Imagine this all too common situation, you’re out for drinks in a social context, and the topic of work arises. You’re asked what you do, this is usually followed by a simple answer, your job title. Which is generally followed by an empty remark about the nature of your work.
“I’m a Nurse” my girlfriend answers, “That’s such a tough job” is the standard response.
With expectant gazes lingering, I answer, “oh, I’m an Anthropologist…”
“What the fuck is Anthropology?”
In short, Anthropology is legal stalking…
In long it’s the scientific study of human behaviour, but let’s not confuse this with psychology or social science. You see, Anthropology centres on human diversity across time; using holistic and comparative approaches to study the whole of the human condition, while trying to avoid explanatory bias. Ethnographic fieldwork is usually how this is achieved, which I will touch on in another post (yes I’m talking about stalking…).
Some areas we work in include: Archaeology, Biology and Linguistics. Others specialise in subfields such as:
Cultural Anthropology — focusing on world view, symbols and interpretation, ritual and experience; or Social Anthropology — which focuses more on social structures, and the roles and regulations of people throughout history.
But let’s not limit ourselves there! There are many more sub-fields, ranging from medical, to political to economical, regardless of the field of expertise, applied anthropology is both academic and hands-on.
Personally, for me, Anthropology is the long-term interest in other peoples and cultures. It is the sharp critique of any received ‘wisdom’ and of the attitude that “things are just the way they are” (always ask “why?”).
It’s also the belief that there is too much arrogance in education and Western civilisation.
“Anthropology alone amongst the sciences strives to make the strange familiar and the familiar strange” — Anthropologist Horace Miner
Clarifying the concept of ‘Culture.’
There seems to be some ‘slippage’ between Culture, Ethnicity and Race, let’s see if we can clear some of this up really quick.
Culture, while arbitrary, becomes deeply felt; it inspires judgement and aversion; it’s historical, political and economical; however, it’s not always explicit or conscious… stay with me now…
For the Germans, during the second world war, ‘Kultur’ was a project pursued out of anxiety of the unknown. It attempted to find an essential shared nature, this shared culture was in turn legitimation of the nation-state and assisted in making the concepts of union and distinction seem natural.
You see, groups will often have an interest in insisting that their culture is unanimous, distinct, unchanging and eternal. Unfortunately, this is not usually the case, particularly in the question of religious ‘traditions’… wishing does not always make it so…
The popular notion of ‘culture.’
Is that it’s the opposite of modern. It is clearly bounded and defined. It is static, homogeneous and compulsory. Yet, it is still perceived as consensual, something we choose to accept (and are often punished for not).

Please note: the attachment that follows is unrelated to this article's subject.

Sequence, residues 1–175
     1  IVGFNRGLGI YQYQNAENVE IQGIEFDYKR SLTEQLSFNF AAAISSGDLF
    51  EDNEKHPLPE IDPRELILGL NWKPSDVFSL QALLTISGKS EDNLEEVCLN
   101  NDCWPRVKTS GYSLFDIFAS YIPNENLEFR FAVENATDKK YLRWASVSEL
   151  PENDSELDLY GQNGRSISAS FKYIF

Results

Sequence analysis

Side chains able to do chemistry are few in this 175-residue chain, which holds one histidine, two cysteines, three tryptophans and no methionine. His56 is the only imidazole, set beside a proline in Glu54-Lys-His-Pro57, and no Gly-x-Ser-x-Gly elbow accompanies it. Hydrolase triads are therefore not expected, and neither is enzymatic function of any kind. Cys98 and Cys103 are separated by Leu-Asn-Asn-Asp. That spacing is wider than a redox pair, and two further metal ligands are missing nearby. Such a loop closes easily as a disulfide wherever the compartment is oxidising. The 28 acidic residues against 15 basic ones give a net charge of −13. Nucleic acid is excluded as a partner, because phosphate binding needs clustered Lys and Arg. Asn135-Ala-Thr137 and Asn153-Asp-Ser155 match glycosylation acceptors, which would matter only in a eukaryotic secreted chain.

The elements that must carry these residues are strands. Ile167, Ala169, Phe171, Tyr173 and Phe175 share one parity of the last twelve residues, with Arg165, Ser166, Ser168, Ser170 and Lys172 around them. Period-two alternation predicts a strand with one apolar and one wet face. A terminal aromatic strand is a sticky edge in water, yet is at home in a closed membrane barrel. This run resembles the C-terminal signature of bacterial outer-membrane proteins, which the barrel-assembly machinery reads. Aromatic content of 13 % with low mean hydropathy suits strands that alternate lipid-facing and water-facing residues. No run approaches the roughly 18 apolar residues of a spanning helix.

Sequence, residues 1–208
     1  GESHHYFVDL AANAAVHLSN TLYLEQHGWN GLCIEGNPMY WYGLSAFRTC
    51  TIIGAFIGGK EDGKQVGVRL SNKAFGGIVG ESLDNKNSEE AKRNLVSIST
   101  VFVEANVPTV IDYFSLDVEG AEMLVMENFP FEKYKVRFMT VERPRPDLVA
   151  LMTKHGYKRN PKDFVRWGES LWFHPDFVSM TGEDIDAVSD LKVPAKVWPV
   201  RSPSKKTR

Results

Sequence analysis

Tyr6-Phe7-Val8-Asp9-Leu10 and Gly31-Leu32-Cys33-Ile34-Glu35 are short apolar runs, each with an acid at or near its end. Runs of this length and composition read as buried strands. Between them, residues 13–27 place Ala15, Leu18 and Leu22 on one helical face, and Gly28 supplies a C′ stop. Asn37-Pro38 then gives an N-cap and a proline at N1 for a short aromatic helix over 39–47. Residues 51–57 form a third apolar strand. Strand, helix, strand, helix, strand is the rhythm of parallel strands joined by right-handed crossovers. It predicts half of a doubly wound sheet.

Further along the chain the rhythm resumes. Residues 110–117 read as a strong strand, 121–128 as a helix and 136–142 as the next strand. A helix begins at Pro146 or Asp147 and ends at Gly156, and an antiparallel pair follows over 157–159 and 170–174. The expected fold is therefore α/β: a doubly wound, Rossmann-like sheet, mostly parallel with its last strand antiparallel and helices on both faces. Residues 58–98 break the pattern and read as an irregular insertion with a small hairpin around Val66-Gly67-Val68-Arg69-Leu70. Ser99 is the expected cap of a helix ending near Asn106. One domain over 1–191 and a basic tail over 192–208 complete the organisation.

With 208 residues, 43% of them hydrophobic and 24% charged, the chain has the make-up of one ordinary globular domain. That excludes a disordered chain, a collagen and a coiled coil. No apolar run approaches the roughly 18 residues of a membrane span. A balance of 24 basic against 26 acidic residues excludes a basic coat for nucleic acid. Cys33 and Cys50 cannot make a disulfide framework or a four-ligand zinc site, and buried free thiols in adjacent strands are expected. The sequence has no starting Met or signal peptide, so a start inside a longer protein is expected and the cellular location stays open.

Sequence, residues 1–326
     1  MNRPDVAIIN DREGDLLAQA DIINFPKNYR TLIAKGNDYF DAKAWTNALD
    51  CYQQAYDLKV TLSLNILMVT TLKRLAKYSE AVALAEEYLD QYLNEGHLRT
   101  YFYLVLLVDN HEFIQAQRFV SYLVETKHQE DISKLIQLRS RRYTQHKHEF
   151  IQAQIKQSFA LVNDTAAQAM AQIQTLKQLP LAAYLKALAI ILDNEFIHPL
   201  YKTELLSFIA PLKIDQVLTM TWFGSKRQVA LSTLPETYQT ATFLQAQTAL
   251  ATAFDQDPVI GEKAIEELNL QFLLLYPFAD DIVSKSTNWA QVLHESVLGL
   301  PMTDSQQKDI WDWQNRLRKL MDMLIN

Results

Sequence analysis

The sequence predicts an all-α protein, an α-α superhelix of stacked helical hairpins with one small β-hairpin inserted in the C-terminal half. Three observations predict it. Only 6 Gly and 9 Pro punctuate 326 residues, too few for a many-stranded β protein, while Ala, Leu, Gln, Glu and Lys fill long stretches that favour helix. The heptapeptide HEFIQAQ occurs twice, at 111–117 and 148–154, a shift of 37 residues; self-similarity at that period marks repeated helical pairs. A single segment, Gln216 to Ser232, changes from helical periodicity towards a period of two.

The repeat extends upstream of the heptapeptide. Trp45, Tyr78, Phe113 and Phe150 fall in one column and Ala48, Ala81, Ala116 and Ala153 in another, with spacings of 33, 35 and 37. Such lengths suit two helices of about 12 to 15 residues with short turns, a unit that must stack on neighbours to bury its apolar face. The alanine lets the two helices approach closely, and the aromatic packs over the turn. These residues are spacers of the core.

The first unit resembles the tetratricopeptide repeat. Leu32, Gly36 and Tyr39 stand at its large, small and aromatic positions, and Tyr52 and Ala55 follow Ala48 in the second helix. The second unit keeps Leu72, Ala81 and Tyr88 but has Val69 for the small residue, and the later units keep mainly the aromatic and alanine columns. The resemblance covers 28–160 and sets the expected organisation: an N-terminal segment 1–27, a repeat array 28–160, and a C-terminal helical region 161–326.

This fashionable understanding essentialises difference…
As an anthropologist, I argue that culture is a way to understand the types of differentiation.
Time for a little thought experiment…
What is considered the ‘culture’ of your country?
· Is it timeless?
· Does everyone participate?
· Is it compulsory?
· Uncritically and widely accepted?
The truth is that even if some elements of ‘culture’ are shared and deeply felt, it can still be ambivalent and a source of conflict among members. Hell, even contemporary anthropologists can’t agree on an all-encompassing concept of ‘culture’, so don’t sweat it. Generally, culture is seen as continually being produced rather than being a ‘thing-like’ structure.
· It is unbounded — often constructed of global-local hybrids
· Historically fluid — changed from within as much as from external forces
· Usually contested — different groups fight over the nature of the identity
· It is creative — with individuals affecting the form
· It holds power and resistance
Cultural Relativism vs Ethnocentrism
Cultural relativism is the consideration of how ‘worldview’ affects peoples actions. Thinking relativistically is about understanding ‘that practice’ or ‘that belief’ in its context. It’s about checking our own brackets concerning our own assumptions and seeking to truly understand the perspective of others, it’s about listening to local dissent… but understanding that it’s always political.
The problem in the world is NOT that there is insufficient judgement; often that people do not examine their OWN views and actions.
“ It is somewhat difficult for us to recognize that the value which we attribute to our own civilization is due to the fact that we participate in this civilization, and that it has been controlling all our actions from the time of our birth; but it is certainly conceivable that there may be other civilizations, based perhaps on different traditions and on a different equilibrium of emotion and reason, which are of no less value than ours, although it may be impossible for us to appreciate their values without having grown up under their influence.” — Anthropologist Franz Boas
Due to developmental relativism, all of us, invariably, start out as ethnocentric… yeah, that’s right, I just called you a racist, but before you start jumping up and down…
These cognitive biases are not to be confused with moral judgment, although if left unchecked, will ultimately become just that. The point isn’t that you can never judge; instead, we too often rush to judgement before we understand. And as demonstrated, that racism card is often unhelpful and too easy to play.
Anthropology allows us to see human potential more clearly. By confronting unexamined ethnocentrism, we have the opportunity for more imaginative solutions to the world’s bigger problems.
Hello, my name is Crystal, and I’m an anthropologist.